As best shown in FIG. 2, straight edge 27 is supported at its lower end by lower bracket 21 with a pair of pivot pins 29, and it is held in position at its upper end by intermediate bracket 26 with a center pin 31 carrying a sliding, spherical bearing journalled in a flange 32 of bracket 26. This mounting arrangement allows the straight edge 27 freedom of thermal expansion and contraction and aids in preventing transmission thereto of deforming loads from other portions of the fixture. To further minimize thermal deformation, the straight edge 27 is formed with a series of relatively large, equally spaced holes 33 along its length.
To minimize torsional distortion of the support beam 14 that would affect the straight edge 27, the portion of beam 14 between intermediate bracket 26 and the lower end of the beam is "boxed in" by a back plate 34 secured, as by welding, to the rear edges thereof. The part of the beam 14 above the intermediate bracket 26 is left unboxed.
Thus any twisting of beam 14, as might occur for example from unevenness of the pool wall 12, takes place in the part of the beam above the intermediate bracket 26 whereby transmission of such deformation to the straight edge 27 is avoided.
The component to be measured, shown in FIG. 1 in phantom view by dashed lines as a fuel assembly flow channel 36 is removably secured in a position generally parallel to the straight edge 27. The channel 36 is supported at its bottom end by a channel support member 37 and is positioned at its top end by a clamp arrangement 38 secured to the top end of straight edge 27.
The clamp arrangement 38 includes a fixed arm 39 and a swinging arm 41, the swinging arm 41 being remotely operable by a hydraulic or pneumatic cylinder 40 in well-known manner. The fixed arm 39 is fitted with a pair of jack screws 42 for adjustment of the alignment of the top end of the channel with the plane of the tips of the measuring devices on carriage 28. The channel contacting faces of the swinging arm 41 and the jack screws may be fitted with material such as nylon to prevent scratching of the channel.
The channel is supported at its bottom end by channel support member 37, in a manner which does not restrain the channel from rotational motion about is longitudinal axis. This is necessary for measurement of channel twist. As shown in FIG. 3, this feature is provided by a support socket 43 which is journalled to allow rotational motion thereof by an annular ball bearing 44 carried by a bearing plate 46 secured to a spacing sleeve 47 which, in turn, is secured to the cross plate 24 of the lower bracket 19.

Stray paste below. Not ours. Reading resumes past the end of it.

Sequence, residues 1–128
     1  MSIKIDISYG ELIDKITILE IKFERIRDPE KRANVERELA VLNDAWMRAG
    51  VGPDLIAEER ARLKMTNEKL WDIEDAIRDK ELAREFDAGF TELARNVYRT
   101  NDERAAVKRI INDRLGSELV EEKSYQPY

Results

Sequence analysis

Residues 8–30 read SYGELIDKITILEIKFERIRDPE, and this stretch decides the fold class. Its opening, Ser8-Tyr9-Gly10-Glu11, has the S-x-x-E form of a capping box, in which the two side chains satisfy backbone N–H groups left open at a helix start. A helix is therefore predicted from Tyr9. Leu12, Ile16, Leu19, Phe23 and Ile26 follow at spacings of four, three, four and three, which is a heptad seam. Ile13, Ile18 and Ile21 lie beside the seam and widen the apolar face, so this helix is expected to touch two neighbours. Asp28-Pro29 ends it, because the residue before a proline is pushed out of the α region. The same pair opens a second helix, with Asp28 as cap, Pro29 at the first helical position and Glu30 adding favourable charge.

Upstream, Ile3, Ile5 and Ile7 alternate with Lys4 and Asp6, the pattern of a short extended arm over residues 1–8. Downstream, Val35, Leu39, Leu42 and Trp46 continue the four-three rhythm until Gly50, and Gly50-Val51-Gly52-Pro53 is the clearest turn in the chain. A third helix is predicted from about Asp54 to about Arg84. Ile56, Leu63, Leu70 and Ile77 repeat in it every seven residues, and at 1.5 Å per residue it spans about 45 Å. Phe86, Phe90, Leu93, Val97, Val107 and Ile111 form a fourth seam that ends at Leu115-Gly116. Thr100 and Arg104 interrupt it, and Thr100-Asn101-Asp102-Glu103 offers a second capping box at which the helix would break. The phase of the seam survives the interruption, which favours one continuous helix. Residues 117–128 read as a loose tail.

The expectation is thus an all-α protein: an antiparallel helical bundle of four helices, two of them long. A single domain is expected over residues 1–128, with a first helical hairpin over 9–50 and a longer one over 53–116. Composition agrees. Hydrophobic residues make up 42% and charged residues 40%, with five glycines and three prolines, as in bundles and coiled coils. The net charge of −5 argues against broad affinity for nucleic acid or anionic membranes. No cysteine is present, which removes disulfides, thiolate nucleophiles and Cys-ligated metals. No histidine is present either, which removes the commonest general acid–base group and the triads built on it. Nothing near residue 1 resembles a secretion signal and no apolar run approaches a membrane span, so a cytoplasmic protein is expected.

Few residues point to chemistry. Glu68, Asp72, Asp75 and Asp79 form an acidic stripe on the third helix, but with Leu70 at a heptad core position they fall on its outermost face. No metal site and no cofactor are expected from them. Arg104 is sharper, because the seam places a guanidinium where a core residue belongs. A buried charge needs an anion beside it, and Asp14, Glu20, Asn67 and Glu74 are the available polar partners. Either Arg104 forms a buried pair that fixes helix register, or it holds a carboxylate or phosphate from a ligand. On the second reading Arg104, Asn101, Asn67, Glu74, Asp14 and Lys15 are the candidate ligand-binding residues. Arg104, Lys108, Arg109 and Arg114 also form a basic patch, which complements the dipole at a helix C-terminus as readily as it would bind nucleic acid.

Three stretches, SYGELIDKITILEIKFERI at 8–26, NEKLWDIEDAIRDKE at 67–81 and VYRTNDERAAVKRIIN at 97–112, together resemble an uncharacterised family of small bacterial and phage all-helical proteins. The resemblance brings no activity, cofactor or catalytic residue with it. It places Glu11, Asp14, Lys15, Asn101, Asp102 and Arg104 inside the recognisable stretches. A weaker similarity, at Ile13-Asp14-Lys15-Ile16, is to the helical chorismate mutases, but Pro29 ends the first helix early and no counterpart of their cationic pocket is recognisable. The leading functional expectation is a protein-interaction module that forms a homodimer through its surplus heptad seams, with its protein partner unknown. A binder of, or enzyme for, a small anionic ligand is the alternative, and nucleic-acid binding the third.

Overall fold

The subject measuring fixture is adapted to accommodate and measure empty channels or flow channels which are still mounted on fuel assemblies (as shown in previously mentioned U.S. Pat. No. 3,689,358). Therefore, the upper end of the bore of support socket 43 is appropriately shaped, as at 48, to receive and mate with the nose pieces of the fuel assemblies to be accommodated.
To accommodate empty flow channels, an empty channel adapter 49 is provided. The lower end 51 of the channel adapter has the shape of a fuel assembly nose piece for fitting into the support socket 43. The upper end 52 of the channel adapter has a pyramid shape, or the like, for ease of fitting the square end of the empty channel thereover and the adapter is sized at 53 near the base of the pyramid portion to fix the position of the channel 36 on the channel adapter.
It is noted that, as shown in FIG. 3, the cross plate 24 and the bearing plate 46 are formed with large holes 45 and 50, respectively, and the support socket 43 and the adapter 49 are formed with large through bores. This provides for water circulation through the component being measured which allows water that has become radioactive in the component to drain away thus reducing user exposure. It also provides a convection path to convey heat away from the measuring devices.
Empty channels or fuel assemblies, as the case may be, can be placed in position or removed from the measuring fixture by any suitable lifting and maneuvering device such as an overhead or boom mounted hoist (not shown) which is typically available as an adjunct to a nuclear fuel storage pool. Such hoist arrangements are shown, for example, in copending patent application Ser. No. 747,824 filed Dec. 6, 1976, now U.S. Pat. No. 4,172,760.
Attention is now directed to the instrument carriage 28 shown in FIG. 1 and with greater clarity in FIG. 4. As illustrated herein the carriage 28 which is mounted on the straight edge 27 by a system of rollers or wheels includes a T-shaped front plate 54 which serves as the main frame of the carriage. The front plate 54 is positioned with respect to and guided along the straight edge 27 by a plurality of guide rollers. These guide rollers include a first pair of spaced rollers 56(1) and 56(2) journalled to the T portion of plate 54 for engagement with the right-front face portion of straight edge 27, a second pair of spaced rollers 57 likewise journalled to the T portion of plate 54 but for engagement with the right side of straight edge 27, and a single roller 58 journalled near the left hand end of plate 54 for engagement with the left-front face portion of straight edge 27. A plurality of rollers 59 journalled in a stud-mounted, spring-loaded back plate 61 and a pair of rollers 62 journalled in a stud-mounted, spring-loaded side plate 63 provide pressure on the guide rollers and assure their engagement with straight edge 27.